How did Data Visualization affect the way we viewed the US Presidential elections?

November 11, 2020
2 min read
Wunderdogs

Data visualization has always been a remarkably powerful tool with the ability to inform, educate— and mislead. In simplifying what would otherwise be overly complicated and overwhelming stats and data into a visual narrative, data visualization also has the potential to tell its own story, one that may not entirely be objective or true. During the US presidential elections, many of us followed the customary red vs. blue map that relayed the country’s voting trends by state or electoral. But is this an inaccurate and outdated way of portraying the population’s sentiments? Data experts say yes.

Greg Albers created the following alternative representation of US state votes for the 2020 US presidential election, which shows each state as a shade of purple (red and blue mix) depending on its ratio of Democrat to Republican votes instead of simply choosing the color of the majority in that state. According to Albers, this reveals “the full, nuanced spectrum of the country’s political standings” and “decreased study participants’ perceptions of political polarization.”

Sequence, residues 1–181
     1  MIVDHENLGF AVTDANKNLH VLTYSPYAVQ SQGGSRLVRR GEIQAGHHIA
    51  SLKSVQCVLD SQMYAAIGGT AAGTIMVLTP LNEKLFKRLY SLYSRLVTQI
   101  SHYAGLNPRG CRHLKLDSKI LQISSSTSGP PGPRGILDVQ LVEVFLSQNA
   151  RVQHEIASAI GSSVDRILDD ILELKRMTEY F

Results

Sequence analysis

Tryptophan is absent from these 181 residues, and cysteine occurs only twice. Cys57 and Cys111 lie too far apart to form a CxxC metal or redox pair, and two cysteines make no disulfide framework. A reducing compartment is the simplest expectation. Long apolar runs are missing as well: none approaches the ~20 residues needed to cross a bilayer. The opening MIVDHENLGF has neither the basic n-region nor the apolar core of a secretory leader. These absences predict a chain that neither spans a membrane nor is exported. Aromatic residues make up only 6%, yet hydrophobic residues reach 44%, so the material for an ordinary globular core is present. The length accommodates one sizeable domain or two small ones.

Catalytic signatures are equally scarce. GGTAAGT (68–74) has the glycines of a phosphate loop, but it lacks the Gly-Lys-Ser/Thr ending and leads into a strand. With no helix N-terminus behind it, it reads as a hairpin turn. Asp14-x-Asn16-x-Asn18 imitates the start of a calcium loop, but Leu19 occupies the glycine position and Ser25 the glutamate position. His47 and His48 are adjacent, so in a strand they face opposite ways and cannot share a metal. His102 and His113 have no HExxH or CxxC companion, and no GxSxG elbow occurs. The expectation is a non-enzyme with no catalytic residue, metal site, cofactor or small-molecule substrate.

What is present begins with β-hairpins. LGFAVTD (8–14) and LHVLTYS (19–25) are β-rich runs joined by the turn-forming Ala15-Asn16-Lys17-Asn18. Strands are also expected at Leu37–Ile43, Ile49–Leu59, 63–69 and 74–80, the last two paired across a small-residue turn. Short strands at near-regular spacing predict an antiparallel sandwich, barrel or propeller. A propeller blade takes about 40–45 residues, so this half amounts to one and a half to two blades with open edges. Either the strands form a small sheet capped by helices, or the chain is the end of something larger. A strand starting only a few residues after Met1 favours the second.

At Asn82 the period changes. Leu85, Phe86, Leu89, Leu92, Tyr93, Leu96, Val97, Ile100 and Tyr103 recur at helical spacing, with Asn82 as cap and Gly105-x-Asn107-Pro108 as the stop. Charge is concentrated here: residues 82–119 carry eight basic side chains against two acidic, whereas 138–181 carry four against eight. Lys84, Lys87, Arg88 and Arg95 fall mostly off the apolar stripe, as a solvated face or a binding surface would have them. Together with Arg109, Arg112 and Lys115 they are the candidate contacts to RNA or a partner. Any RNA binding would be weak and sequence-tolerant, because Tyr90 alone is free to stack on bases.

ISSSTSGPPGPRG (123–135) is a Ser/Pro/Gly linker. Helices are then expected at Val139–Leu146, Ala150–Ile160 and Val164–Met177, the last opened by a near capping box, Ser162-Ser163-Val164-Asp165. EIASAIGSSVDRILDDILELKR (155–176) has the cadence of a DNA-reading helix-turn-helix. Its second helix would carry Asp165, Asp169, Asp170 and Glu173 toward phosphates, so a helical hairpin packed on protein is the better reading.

courtesy https://purplestatesofamerica.org

In 2019, Belgian data scientist Karim Douïeb created an alternative version of the USA’s 2016 election map in response to a tweet from Lara Trump. She posted an image of the USA featuring a few blue shapes lost in a sea of red as proof that America was inherently Republican. However, the map inaccurately portrayed the sheer acres of empty land in rural counties supporting Trump as Trump’s actual votes, instead of representing the few votes coming from the few people who live there. His version, widely shared as this gif with the quote, “Land doesn’t vote, people do” shows people’s votes by population rather than by state, which gives a clearer picture of how many actually voted for each party. Here is his rendition for the 2020 US presidential elections:

 


Courtesy: Karim Douïeb

Back in 2017, a product engineer at the mapping software company, Esri, and author of the guidebook for mapmakers, Cartography, Ken Fields created an extensive gallery of more than 30 alternative maps, each designed to tell a different story about what happened on the night of the US presidential elections in 2016. Speaking about the maps, Fields says, “All of these maps show different versions of the truth. None are right, and none are wrong, but they all allow you to interpret the results differently.”

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